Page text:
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News article created on 4 February 2016

The recent floods devastated some of our historic structures

December 2015 saw two storms across the north: Storm Desmond and Storm Frank causing flooding to thousands of people’s homes and widespread damage to the road and rail infrastructure. Our canal network unfortunately did not survive unscathed. Elland Bridge in West Yorkshire and Stainton Aqueduct in Cumbria, both Grade II listed structures, sustained serious damage. This week, William Froggatt tells us about the damage caused to the Stainton Aqueduct.

Flooding in the North East Flooding in the North East

Lancaster Canal

Construction of the Lancaster Canal commenced in 1792 and by 1797 it was possible to travel on the canal from Preston to Tewitfield (just north of Carnforth). The engineer for this work was John Rennie and the canal included such marvellous feats of engineering as the Lune Aqueduct (Grade I) at Lancaster. Tewitfield presented a major topographical barrier and so there was a brief hiatus of works until 1817 when Thomas Fletcher was appointed engineer to extend the canal north to Kendal.

Fletcher, with the assistance of William Crossley Junior, built several structures to rival Rennie’s Lune aqueduct and the canal was finally completed in 1819. Amongst those structures is the Sedgwick Aqueduct (Grade II), the Hincaster Tunnel (Grade II) and its associated horse-path (Scheduled Monument) and the modest but graceful Stainton Aqueduct (Grade II) carrying the canal over Stainton Beck.

Stainton Aqueduct, c. 1818

Stainton Aqueduct is constructed of squared, coursed limestone with a segmental-arch with rusticated voussoirs. The arch is 12 ½ foot high and 16 ½ wide at the base. It is flanked by curved and battered wing walls, built to retain the earth embankment, and extending 22 ½ foot from the tunnel entrance and standing 28 ½ foot apart at their extremities. The original specification describes an inverted arch running through the aqueduct over which the beck flows, and between the wing walls a ‘well laid pitching of stones 18 inches deep and in regular courses’. Over these a path was built to take a footpath under the aqueduct. The abutment walls of the aqueduct are described as being four foot thick with four foot square counterforts at ten foot intervals.

Stainton Aqueduct specifications

Storms Desmond and Frank

The first damage occurred following the Desmond storm on the downstream side of the Aqueduct. Judging by debris caught in surrounding trees it would appear that water levels in the beck were six or seven feet higher than normal. Turbulence caused by this volume of water scoured the bed of the beck, lifting the stone pitching and washing away a stretch of the path. This enabled water to undermine the foundations of the south-west wing wall leading to its collapse. Where the path once stood the beck is now one and a half metres deep.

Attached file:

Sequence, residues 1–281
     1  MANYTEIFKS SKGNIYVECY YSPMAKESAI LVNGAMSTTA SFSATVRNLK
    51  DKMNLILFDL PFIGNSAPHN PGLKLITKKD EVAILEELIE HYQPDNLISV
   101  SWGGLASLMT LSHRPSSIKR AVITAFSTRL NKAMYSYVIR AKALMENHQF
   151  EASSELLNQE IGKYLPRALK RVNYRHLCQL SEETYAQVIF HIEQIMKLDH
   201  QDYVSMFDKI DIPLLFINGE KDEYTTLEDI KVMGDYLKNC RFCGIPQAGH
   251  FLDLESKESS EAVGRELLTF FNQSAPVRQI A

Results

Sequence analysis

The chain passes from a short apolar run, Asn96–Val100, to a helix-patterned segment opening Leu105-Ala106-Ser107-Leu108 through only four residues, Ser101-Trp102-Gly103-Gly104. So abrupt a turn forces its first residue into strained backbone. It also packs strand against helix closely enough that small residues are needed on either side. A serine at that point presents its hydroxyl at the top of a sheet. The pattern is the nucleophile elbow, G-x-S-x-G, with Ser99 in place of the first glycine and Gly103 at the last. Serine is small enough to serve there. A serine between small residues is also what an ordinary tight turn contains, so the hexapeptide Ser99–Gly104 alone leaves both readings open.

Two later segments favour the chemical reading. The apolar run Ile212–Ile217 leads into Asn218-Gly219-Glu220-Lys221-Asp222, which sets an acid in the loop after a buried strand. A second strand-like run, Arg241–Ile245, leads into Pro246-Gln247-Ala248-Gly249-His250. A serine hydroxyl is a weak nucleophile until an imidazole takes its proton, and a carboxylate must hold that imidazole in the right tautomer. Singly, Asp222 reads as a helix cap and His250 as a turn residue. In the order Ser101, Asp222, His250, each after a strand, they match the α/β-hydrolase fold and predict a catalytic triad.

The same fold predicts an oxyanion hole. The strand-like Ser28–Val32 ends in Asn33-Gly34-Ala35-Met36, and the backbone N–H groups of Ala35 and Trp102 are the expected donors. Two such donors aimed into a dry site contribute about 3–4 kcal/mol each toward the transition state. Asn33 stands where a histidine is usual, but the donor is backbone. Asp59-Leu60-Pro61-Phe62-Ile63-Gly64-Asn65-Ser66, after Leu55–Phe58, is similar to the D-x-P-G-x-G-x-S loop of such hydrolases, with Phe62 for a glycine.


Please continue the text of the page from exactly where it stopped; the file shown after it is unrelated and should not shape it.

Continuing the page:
Flood damage at Stainton Aqueduct

Subsequent scouring of the beck has undermined the south east wing wall resulting in the wall subsiding and rotating. The toe of the wall has moved outwards approximately 18 inches, with the top skewing back towards the Aqueduct a similar distance. Due to this the integrity of the arch has been broken, and the beck is now flowing behind the wall. This is unfortunately gradually washing away the soil and fill from the embankment, which has led to a collapse of the tow path above.

Flood Damage, Stainton Aqueduct

The Future

While water levels remain high it is difficult to assess the full extents of the damage to the structure and the bed of the Beck. Action has been taken to remove the water from the canal above to reduce the pressure on the embankment and to mitigate any future breach. We will also be protecting the foundations of the wing walls to reduce the possibility of further damage to the structure.

In the longer term it is our hope to rebuild the aqueduct according to the original specification drawn up by Thomas Fletcher two hundred years ago. Given the remote and difficult location this will no doubt be an expensive undertaking, with early estimates indicating a cost of at least £1.2 million.

This is just one of the structures across the north that has been affected by the floods. Elsewhere bridges, embankments and towpaths have been damaged or destroyed. To find out more about how you can help us re-build the canals please visit our website.

William Froggatt, heritage adviser.

 

 

About this blog

Heritage team

The work carried out by the heritage team is extremely varied, covering all sorts of structures and a wide variety of projects. Not one week is the same and we keep learning all the time, meeting some fascinating people and visiting stunning places along the way. We are hoping that through our blogs we can share some of our passion for the amazing industrial heritage of the inland waterways.

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